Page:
Mortgage debt means that homeowners don't go on strike?

Claim from David Harvey in this RSA Animate on why mortgage interest became tax deductible - I can't find a source for the claim. It immediately made me think of the current state of student loans: debt not forgivable under personal bankruptcy, unlike, say, CC debt. Or mortgage debt.

And I do want to explore his online lectures about Marx:

1. Here's a similar argument from Vincent J. Cannato:

* Federal support [of home ownership] began as an extension of anti-communist efforts in the wake of the Bolshevik Revolution in Russia; as one organization of realtors put it at the time, "socialism and communism do not take root in the ranks of those who have their feet firmly embedded in the soil of America through homeownership."

* A public-relations campaign dubbed "Own Your Own Home" — originally launched by the National Association of Real Estate Boards in the aftermath of World War I — was taken over by the U.S. Department of Labor in 1917 and became the first federal program explicitly aimed at encouraging home ownership.

* In 1921, the program moved to the Commerce Department, where Secretary Herbert Hoover soon became the nation's foremost promoter of home ownership. "Maintaining a high percentage of individual home owners is one of the searching tests that now challenge the people of the United States," Hoover wrote in 1925. "The present large proportion of families that own their own homes is both the foundation of a sound economic and social system and a guarantee that our society will continue to develop rationally as changing conditions demand."

* Before the compassionate conservatism of George W. Bush, there was the empowerment conservatism of Jack Kemp. As a member of Congress in the 1970s and '80s, and as secretary of HUD under President George H. W. Bush, Kemp made it his mission to broaden the reach of the Republican Party beyond the white middle class, reaching out to minorities and the poor. Home ownership was a special passion of Kemp's, and as HUD secretary in particular, he pursued tenant ownership of public-housing units as a way to close the racial gaps in home ownership.

2. Here are some data from the Fed that provide context to the claim:

* In 1910, only a third of non-farm owner-occupied home purchases were mortgaged.

* The non-farm homeownership rate in 1920 was 41 percent; the homeownership rate of farmers was 58 percent

* In the 20 years between 1930 to 1950, for the non-farm ownership rate rate to jumped 7 percentage points, from 48 percent to 55 percent. [Today it is about 66% :]

* Franklin Roosevelt’s New Deal legislation in the 1930s insured mortgages through the Federal Housing Administration (FHA) which allowed savings and loans to take on a little more mortgage risk in their lending portfolios. The Federal Home Loan Bank system provided short-term credit with subsidized interest rates to mortgage lending institutions. The creation of the Federal National Mortgage Association — known today as Fannie Mae — allowed lenders to sell their mortgages to the federal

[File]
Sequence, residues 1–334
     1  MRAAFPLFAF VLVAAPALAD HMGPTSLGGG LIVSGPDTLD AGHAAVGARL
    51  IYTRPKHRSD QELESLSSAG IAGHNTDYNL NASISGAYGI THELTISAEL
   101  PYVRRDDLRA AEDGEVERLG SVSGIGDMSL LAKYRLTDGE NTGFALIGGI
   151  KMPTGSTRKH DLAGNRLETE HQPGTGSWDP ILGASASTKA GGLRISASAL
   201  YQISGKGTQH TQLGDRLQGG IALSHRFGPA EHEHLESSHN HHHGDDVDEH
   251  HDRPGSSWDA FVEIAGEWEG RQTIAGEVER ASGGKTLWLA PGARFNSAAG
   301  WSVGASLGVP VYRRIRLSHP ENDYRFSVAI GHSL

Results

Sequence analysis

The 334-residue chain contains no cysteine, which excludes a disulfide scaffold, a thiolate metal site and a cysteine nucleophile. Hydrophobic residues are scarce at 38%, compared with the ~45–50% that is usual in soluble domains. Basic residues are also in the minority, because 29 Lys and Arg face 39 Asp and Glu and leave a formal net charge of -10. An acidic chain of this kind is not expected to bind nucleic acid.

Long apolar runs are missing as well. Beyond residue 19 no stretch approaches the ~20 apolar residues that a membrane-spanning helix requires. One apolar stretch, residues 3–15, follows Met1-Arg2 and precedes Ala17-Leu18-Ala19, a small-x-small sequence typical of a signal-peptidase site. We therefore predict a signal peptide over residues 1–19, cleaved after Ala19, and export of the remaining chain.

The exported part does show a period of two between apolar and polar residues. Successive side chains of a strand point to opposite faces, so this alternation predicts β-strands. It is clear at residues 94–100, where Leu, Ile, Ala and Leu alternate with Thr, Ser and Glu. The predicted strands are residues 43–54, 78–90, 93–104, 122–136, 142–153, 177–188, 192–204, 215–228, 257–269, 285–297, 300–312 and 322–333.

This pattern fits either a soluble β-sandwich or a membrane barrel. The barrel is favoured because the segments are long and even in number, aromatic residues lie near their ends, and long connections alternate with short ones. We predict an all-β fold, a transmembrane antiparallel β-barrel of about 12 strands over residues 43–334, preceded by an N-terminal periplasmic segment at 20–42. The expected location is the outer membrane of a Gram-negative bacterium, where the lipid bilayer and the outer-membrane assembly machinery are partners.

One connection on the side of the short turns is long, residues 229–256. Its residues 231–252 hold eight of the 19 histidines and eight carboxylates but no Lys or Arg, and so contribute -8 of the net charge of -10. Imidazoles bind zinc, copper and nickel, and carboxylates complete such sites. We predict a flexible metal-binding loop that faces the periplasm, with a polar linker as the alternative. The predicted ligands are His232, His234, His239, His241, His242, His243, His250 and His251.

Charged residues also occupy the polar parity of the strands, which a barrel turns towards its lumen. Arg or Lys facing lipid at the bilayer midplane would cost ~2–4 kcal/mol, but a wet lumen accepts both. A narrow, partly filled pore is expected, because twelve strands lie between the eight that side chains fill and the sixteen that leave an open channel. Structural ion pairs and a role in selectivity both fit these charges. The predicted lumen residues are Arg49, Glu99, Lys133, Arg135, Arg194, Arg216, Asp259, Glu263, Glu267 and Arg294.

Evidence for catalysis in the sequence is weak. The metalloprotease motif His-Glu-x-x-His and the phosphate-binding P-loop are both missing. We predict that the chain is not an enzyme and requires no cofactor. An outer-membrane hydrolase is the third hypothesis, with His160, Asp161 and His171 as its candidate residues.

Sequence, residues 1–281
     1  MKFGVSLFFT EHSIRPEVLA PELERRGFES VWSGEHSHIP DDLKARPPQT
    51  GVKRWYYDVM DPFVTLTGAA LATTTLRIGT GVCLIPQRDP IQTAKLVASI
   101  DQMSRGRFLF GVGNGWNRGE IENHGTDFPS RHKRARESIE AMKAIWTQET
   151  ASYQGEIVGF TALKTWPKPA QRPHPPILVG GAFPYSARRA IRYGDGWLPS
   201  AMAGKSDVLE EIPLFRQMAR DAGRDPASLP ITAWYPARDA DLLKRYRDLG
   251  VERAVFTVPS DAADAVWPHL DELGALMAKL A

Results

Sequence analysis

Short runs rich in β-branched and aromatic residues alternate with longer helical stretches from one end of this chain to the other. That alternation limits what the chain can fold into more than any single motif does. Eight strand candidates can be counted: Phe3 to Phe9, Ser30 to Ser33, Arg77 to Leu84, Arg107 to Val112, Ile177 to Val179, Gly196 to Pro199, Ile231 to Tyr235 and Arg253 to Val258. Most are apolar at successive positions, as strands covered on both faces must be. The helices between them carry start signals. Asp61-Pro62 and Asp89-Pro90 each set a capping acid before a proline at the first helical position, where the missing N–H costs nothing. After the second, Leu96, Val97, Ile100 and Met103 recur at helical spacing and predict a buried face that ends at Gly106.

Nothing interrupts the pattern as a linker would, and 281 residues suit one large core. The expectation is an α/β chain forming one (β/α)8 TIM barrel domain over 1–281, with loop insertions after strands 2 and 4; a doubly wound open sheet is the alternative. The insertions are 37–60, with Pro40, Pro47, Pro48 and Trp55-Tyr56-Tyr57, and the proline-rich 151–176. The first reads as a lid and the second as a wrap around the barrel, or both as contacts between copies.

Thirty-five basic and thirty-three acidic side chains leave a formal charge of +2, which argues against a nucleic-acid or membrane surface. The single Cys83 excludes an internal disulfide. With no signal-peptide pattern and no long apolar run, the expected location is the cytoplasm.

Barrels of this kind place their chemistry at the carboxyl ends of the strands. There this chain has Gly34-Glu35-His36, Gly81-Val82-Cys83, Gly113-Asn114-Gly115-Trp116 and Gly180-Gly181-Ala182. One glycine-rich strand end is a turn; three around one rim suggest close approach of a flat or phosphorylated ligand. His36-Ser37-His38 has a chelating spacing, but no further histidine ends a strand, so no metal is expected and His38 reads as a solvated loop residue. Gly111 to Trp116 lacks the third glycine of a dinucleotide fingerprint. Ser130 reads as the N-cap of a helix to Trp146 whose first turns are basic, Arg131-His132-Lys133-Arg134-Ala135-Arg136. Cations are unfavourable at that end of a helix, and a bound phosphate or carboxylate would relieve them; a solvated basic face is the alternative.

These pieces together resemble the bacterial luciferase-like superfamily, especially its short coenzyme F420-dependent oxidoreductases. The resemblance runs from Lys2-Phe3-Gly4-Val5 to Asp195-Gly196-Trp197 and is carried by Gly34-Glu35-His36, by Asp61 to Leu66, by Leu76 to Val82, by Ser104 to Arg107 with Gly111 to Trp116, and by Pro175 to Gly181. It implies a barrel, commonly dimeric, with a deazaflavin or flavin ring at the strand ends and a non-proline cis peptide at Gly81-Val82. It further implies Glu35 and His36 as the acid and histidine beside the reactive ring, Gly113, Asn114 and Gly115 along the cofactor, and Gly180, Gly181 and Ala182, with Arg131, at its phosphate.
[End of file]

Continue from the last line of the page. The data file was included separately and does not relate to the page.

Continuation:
government and instantly replenish their capital which could be in turn loaned to someone else

* By the 1960s, suburbanization and the policies that accompanied its growth had changed American politics and culture. Many presidential speeches since then have included some kind of nod to the perceived importance of owning a home and have been often accompanied by a variety of new policies. By the late 20th century, owning a home was equated in the popular imagination as an important life goal.

* The deductibility of interest was, until 1986, a key feature of the income tax since its inception in 1913 — anyone who had to make interest payments on any sort of debt was able to deduct these expenses

* “The bulk of the benefits,” says Glaeser, “go to fairly rich people who aren’t particularly close to the margin between owning and not owning. These are people who are overwhelmingly in single-family detached houses, and they would be likely to own that house with or without the home mortgage interest deduction.”

* Being tied down to a house tends to make people less likely to leave an area in which employment prospects are deteriorating. After all, terminating a lease is
much less costly and time-consuming than foreclosing on a house or selling a home, even if the owner breaks even on the transaction. Economists predict this would lead to a decline in “labor mobility,” the ability for people to move to
where the jobs are. A seminal study by British economist Andrew Oswald of
the University of Warwick traced the link between unemployment and homeownership. Oswald looked at the United States, the United Kingdom, France, Italy, and Sweden between 1960 and 1996 and discovered that, _on average, a 10
percentage point increase in homeownership tended to correlate with a 2 percentage point increase in the unemployment rate_.
Shared publiclyView activity